Jess McAllister –Painted Faces EP (Mill Records)
Pop/folk singer-songwriter, Jess McAllister, releases her debut EP.
The four track EP from Jess McAllister, now on its second release, showcases an artist with quite a talent in songwriting, but also with sugar caoated vocals which are both believable and enchanting. Jess claims not to be the best in her field, and that’s refreshing to hear, instead explaining that she merely puts hers feeling and experiences into words for all to enjoy. That she certainly does do.
She’ll inevitably be compared to others – an unfortunate thing we tend to do with British female singers – but some of the comparisons are justified and are indeed honourable. EP opener Take A Walk begins with ghostly vocals in a style of the wonderful Phildel and soon moves into Kate Nash territory. Yes, there are hints of other artists but that’s hard not to do when you’re sharing lifetime moments. The doctor’s surgery in the first track may be full and Jess may have been there for days, but if anyone was listening to this delightful EP, then the time would pass quickly.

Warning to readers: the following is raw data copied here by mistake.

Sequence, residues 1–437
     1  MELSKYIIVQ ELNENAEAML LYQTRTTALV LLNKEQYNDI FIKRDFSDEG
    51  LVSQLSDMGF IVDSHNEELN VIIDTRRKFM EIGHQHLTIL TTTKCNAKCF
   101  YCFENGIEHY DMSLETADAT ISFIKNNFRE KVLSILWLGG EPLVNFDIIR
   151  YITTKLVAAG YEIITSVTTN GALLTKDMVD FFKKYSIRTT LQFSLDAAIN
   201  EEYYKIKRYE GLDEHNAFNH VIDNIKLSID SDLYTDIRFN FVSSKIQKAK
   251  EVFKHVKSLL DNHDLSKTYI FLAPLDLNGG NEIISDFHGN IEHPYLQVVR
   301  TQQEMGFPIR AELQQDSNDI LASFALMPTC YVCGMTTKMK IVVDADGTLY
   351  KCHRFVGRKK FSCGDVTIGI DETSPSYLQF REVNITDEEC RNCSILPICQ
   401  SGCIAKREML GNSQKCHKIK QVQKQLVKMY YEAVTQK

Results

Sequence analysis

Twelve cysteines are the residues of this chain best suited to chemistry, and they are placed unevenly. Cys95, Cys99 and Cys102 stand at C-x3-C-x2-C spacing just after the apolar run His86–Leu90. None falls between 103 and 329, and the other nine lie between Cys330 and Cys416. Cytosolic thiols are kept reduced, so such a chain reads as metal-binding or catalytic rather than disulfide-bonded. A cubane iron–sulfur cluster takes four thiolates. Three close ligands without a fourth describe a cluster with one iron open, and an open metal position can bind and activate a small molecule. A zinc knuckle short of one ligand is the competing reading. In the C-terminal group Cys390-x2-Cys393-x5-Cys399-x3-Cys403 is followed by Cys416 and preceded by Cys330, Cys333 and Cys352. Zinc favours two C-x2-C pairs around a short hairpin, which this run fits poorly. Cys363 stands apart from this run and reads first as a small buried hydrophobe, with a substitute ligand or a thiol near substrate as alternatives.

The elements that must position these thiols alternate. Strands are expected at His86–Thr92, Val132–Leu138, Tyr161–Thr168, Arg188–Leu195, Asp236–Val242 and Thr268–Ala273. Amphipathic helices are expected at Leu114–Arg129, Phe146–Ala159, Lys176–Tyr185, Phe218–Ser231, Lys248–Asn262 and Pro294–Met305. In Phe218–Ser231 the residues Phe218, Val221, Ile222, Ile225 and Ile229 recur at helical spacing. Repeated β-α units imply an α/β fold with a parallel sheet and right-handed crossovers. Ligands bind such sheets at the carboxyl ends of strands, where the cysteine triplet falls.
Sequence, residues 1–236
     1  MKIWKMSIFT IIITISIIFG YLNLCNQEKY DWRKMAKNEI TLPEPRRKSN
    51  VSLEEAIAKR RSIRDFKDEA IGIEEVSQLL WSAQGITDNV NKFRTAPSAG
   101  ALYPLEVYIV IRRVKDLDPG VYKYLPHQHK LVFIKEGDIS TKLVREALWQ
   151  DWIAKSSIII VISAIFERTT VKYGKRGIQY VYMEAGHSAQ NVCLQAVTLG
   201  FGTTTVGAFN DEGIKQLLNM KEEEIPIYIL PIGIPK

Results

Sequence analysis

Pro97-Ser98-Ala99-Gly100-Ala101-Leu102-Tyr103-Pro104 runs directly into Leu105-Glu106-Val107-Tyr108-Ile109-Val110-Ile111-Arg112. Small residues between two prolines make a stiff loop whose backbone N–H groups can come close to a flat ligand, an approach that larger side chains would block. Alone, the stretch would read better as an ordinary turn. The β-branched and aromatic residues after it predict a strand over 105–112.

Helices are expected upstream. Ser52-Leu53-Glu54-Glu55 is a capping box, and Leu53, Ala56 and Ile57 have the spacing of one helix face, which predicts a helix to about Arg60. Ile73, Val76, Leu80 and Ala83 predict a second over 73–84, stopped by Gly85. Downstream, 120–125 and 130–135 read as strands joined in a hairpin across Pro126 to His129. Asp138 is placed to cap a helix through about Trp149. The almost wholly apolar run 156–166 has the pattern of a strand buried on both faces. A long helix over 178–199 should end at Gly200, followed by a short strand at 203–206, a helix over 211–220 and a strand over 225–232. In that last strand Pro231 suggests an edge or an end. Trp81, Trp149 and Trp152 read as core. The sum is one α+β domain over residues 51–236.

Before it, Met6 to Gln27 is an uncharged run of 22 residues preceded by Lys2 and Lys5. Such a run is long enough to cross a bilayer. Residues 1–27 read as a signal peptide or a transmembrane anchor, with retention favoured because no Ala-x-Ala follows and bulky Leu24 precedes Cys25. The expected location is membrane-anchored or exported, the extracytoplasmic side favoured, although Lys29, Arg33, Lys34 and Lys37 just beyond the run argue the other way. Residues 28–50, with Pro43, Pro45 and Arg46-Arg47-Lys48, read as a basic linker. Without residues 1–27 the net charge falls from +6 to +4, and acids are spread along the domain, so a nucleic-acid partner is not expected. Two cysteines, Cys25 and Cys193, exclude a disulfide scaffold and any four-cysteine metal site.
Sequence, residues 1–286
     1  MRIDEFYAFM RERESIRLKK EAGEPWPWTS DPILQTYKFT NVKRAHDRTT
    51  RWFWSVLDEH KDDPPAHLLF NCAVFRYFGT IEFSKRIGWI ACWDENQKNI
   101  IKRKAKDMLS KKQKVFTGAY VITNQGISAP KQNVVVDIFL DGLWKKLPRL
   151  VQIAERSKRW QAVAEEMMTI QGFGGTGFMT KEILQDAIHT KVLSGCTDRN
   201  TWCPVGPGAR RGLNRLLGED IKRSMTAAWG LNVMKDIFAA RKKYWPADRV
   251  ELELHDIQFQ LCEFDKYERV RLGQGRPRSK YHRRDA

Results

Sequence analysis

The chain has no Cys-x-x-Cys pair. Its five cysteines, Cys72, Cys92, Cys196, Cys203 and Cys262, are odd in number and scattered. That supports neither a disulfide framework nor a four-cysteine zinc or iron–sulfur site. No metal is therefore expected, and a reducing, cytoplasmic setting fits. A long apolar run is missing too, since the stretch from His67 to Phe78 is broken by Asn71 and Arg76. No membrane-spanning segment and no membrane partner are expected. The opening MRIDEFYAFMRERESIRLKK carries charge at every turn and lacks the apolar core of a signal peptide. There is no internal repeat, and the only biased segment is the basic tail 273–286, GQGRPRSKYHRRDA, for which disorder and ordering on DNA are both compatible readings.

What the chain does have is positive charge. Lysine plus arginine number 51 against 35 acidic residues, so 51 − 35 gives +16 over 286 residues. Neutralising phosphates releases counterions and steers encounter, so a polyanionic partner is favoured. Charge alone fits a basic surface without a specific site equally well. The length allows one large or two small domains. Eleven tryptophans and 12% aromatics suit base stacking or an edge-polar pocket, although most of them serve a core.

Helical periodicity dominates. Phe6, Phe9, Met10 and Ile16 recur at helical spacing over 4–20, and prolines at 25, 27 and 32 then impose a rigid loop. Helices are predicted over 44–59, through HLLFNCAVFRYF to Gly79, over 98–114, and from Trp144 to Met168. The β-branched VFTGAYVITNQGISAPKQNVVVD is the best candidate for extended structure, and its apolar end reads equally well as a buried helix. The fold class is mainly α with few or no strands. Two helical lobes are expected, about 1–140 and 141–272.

Title track, Painted Faces is another wonderful piece of writing beginning with swirling piano and equally spiralling cymbals it soon moves forward into something slightly more sinister sounding with backing vocals that are both haunting and incredibly beautiful at the same time.
There’s something very special about Jess McAllister, and maybe it’s harder to pinpoint that I think. She’s incredibly listenable and infectious and I’d challenge anyone to listen to the EP just once without feeling the uncontrollable desire to hit ‘repeat’ again. And again.
More comparisons in the form of Tori Amos perhaps before definite nod in the direction of the very underrated Fiona Apple on third track Shadows In The Night. A voice which is capable of ripping a hole in the sky but equally as possible is the prospect of the same tones sewing it back together again with gentile precision, Jess is a talent waiting to happen.
Closing with Never Mind Buying Time, the all too short debut is over all too soon. Sweeping violin and cheeky mandolin compliment a gripping cello and Jess’ simple girl-next-door voice. If I didn’t have to go to work tomorrow, I’d contemplate frequenting Plymouth pubs in the hope of stumbling across a talent like this – they don’t come along too often and we really should embrace them whilst they are here.
Published on Louder Than War 10/02/14 - here